It doesn’t have to be that way though.  Wessex has a flag, Wessex has a patron saint, Wessex has its own, much abused dialect.  We have as much right as any Mercian or Northumbrian to govern ourselves.  In so far as we’re on London’s doorstep, our culture in the front line facing the steamroller, we have a stronger and more urgent case than they do.

Our first priority, naturally, is to jettison the idea of the ‘West Country’, a concept far too flexible for its own good.  Wessex is an alternative name that retains the idea of being placed geographically to the west of London.  It does so without the notions of ineradicable inferiority, mental dumbness and infinite recession into peninsular twilight that have characterised a view of the ‘West Country’ handed down from above.  One busy lopping off our eastern shires one by one.

Time to stand, men of the west.  And then push back.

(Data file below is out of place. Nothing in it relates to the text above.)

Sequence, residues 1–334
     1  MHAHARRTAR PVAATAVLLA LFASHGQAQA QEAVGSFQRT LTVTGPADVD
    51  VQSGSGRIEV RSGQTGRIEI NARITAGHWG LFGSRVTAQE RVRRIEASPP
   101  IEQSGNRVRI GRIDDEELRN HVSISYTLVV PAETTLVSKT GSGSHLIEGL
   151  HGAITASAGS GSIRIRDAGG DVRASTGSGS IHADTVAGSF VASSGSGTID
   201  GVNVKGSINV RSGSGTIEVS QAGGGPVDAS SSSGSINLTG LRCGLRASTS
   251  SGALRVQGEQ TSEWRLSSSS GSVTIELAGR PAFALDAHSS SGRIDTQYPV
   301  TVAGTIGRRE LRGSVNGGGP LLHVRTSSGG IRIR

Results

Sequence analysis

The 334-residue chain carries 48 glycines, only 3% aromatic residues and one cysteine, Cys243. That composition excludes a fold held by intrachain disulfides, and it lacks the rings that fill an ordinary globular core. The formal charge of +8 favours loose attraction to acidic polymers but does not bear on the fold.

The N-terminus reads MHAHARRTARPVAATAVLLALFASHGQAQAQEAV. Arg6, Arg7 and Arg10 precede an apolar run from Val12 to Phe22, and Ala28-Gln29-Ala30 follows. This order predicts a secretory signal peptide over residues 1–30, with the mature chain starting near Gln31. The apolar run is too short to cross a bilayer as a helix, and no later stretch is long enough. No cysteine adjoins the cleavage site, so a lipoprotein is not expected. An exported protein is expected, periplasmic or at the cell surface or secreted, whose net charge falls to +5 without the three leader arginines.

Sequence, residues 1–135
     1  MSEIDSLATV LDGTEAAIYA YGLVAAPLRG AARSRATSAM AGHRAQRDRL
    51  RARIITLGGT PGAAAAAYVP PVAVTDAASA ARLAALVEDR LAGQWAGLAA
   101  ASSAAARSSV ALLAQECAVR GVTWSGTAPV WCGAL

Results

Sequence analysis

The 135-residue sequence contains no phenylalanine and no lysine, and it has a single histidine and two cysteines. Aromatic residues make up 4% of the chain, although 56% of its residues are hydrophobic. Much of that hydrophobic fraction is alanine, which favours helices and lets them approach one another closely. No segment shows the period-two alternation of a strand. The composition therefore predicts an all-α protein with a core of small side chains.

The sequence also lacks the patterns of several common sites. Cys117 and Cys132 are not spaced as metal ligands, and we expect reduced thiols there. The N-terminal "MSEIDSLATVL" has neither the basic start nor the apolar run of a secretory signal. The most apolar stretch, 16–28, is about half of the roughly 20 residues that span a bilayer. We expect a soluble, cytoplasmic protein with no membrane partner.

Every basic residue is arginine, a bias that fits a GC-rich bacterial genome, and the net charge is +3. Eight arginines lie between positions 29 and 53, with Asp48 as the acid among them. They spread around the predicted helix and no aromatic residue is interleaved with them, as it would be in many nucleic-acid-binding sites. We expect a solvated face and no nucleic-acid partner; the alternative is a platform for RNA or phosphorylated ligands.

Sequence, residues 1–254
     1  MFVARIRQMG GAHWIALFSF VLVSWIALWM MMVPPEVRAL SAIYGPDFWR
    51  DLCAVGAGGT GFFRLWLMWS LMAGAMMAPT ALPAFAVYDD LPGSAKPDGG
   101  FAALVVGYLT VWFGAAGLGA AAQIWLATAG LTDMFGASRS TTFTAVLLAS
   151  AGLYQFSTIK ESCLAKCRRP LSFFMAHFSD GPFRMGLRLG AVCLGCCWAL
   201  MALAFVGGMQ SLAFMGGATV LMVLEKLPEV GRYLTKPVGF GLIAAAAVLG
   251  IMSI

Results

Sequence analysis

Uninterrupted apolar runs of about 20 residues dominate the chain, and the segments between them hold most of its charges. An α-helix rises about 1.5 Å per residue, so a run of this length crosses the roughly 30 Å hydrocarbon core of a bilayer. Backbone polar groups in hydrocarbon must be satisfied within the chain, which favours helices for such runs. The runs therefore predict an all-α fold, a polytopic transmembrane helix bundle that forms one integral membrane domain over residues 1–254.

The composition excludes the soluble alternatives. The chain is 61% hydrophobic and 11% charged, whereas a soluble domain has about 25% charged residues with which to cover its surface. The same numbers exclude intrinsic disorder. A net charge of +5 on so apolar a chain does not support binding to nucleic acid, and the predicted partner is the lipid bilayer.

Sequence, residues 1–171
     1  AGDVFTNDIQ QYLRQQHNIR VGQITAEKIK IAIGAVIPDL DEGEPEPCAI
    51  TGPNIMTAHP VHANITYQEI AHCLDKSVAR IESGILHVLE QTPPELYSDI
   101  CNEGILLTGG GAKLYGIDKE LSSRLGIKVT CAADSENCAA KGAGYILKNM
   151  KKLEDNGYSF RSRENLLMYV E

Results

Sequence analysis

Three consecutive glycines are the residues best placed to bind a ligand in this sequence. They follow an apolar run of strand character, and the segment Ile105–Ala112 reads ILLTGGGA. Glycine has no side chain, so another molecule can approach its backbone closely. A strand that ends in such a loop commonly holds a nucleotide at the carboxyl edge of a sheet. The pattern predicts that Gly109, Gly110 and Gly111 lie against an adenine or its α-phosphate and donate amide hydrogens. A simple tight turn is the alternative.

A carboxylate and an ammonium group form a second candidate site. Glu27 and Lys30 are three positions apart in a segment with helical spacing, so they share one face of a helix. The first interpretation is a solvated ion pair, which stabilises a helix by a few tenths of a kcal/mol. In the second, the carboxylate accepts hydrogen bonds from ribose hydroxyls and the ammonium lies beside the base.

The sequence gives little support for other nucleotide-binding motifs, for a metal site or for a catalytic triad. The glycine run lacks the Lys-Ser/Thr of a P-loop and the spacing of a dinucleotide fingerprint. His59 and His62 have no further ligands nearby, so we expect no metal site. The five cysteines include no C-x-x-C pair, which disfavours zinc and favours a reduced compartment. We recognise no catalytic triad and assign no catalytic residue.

Monday, November 23, 2015

Unenlightening Europe

Quelle surprise!  As we noted in September, France was an easy target for terror.  So, ten days on from the Paris attacks, how’s the reaction unfolding?

Canadian blogger Vlad Tepes sums up the polarisation:

“The most important thing you can do when people you don’t know are murdered by Muslims in an act designed to promote the primacy of Islam, is show your moral superiority to people who would like to take meaningful action by demonstrating grief…  People tripping over themselves in self-sacrifice, trying to tell the people who want them dead or enslaved how there will be no ‘backlash’ instead of at the very very least going en masse to the mosques and screaming: ‘stop the hate’.”